- Robin (widow, age 83) has a Trust and estate plan that she and her late husband, Ralph, created 10 years ago together. Unfortunately, Ralph died 5 years ago. She has not updated her estate plan since his death and is not even sure what she can update, if anything. They never had children. She is not sure who she should designate as her Agent, Personal Representative, or Trustee now, and has delayed visiting with an attorney because she needs guidance and has so many unanswered questions. She does have a niece who lives out of state, but no one close that can help her with doctor appointments, transportation, etc. She is feeling isolated and not sure what her next steps should be.
- Fernando (widow, age 86) recently fell and while in the hospital had a serious stroke. He will likely not be able to return home to live independently. Thankfully, he did have powers of attorney in place which allowed his daughter, Rachel, to make his medical decisions and handle his financial matters. However, Fernando only has enough funds to pay for the adult care home placement he will need for about 7 months. Rachel needs help to apply for ALTCS benefits for her father to ensure his application will be timely approved to continue receiving the quality of long-term care he deserves and needs once his funds run out. If possible, she would like to preserve some of his funds for his future out-of-pocket costs. She cannot afford to pay his care or other expenses out of her pocket so ALTCS approval is critical. In addition, she works full-time and does not have time to handle the ALTCS application herself. She is worried because she has learned that most people who apply for ALTCS without advice from counsel are denied.
We have the solutions to these problems, and more! Elder law attorneys focus on issues specific to older adults, and have knowledge in many areas of the law including the following:
- Estate Planning (power of attorney, medical directives, Wills, Trusts)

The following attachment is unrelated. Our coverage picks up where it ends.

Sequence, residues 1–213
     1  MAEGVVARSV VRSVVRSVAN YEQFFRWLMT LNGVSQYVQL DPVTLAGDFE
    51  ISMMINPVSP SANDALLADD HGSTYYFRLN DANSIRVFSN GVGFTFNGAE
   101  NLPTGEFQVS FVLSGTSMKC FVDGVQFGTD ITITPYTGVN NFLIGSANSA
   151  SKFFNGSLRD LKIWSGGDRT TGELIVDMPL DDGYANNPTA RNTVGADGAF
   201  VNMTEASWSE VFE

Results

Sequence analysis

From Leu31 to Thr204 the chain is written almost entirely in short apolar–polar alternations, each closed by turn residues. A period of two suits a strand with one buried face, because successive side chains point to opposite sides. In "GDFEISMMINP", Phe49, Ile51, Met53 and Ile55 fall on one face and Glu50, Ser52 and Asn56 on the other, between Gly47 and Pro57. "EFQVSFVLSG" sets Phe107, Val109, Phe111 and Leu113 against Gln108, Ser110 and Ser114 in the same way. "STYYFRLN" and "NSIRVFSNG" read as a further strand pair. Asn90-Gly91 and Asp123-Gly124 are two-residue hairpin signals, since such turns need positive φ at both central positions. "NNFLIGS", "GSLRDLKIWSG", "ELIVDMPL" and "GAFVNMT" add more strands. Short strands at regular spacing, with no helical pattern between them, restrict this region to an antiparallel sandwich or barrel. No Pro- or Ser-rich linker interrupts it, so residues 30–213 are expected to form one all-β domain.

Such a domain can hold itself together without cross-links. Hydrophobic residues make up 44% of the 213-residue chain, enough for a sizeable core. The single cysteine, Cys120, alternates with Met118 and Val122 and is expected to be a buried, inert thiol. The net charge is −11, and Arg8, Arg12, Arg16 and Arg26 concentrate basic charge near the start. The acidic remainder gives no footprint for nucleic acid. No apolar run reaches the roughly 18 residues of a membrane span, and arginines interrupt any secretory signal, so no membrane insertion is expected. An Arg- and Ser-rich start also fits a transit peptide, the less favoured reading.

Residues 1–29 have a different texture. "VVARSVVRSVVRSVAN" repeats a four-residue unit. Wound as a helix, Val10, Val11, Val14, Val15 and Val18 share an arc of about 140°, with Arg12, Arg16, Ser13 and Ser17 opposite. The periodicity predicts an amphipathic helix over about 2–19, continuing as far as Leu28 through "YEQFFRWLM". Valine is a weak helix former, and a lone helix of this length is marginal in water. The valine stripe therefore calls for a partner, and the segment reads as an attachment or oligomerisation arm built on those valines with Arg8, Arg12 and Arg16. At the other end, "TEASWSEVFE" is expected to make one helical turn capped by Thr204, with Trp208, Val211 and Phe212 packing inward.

- Probate and Trust administration
- Medicaid (Arizona Long Term Care System)/Medicare/Veterans Aid & Attendance Pension
- Long-Term Care Planning
- Fiduciary Administration (Trustee and Agent representation)
- Financial Exploitation
- Asset Protection
- Special Needs Trusts and planning
The needs of older adults are often different and more specialized than the needs of younger adults. Elder law attorneys do not just handle estate planning matters, we also handle the day-to-day issues affecting the actual care of older adults, such as long-term care needs, medical advocacy, and more. We are equipped to handle the often sensitive emotional and physical needs of older or disabled adults, challenging circumstances, and family dynamics. We frequently work with other professionals such as care managers, financial advisors, and medical professionals to ensure clients have information needed to make the best personal, financial, and medical decisions, while taking advantage of the best legal tools to achieve their goals and objectives.
Call our office at 480-922-1010 or email firstname.lastname@example.org to schedule your appointment and see just how we can help you, or your loved one. We love to see families less stressed and prospering from the advice and advocacy we offer. We are here to help!